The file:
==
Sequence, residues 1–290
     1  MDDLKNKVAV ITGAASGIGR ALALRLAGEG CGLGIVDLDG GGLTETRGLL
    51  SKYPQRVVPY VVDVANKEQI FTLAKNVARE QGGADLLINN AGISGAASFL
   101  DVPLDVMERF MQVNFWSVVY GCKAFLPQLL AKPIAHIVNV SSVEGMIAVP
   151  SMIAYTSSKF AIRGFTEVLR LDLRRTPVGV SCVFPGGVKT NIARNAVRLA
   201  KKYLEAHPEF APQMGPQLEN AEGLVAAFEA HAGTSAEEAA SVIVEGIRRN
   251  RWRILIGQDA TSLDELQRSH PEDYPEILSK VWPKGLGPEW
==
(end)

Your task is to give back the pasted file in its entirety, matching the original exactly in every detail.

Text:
Sequence, residues 1–290
     1  MDDLKNKVAV ITGAASGIGR ALALRLAGEG CGLGIVDLDG GGLTETRGLL
    51  SKYPQRVVPY VVDVANKEQI FTLAKNVARE QGGADLLINN AGISGAASFL
   101  DVPLDVMERF MQVNFWSVVY GCKAFLPQLL AKPIAHIVNV SSVEGMIAVP
   151  SMIAYTSSKF AIRGFTEVLR LDLRRTPVGV SCVFPGGVKT NIARNAVRLA
   201  KKYLEAHPEF APQMGPQLEN AEGLVAAFEA HAGTSAEEAA SVIVEGIRRN
   251  RWRILIGQDA TSLDELQRSH PEDYPEILSK VWPKGLGPEW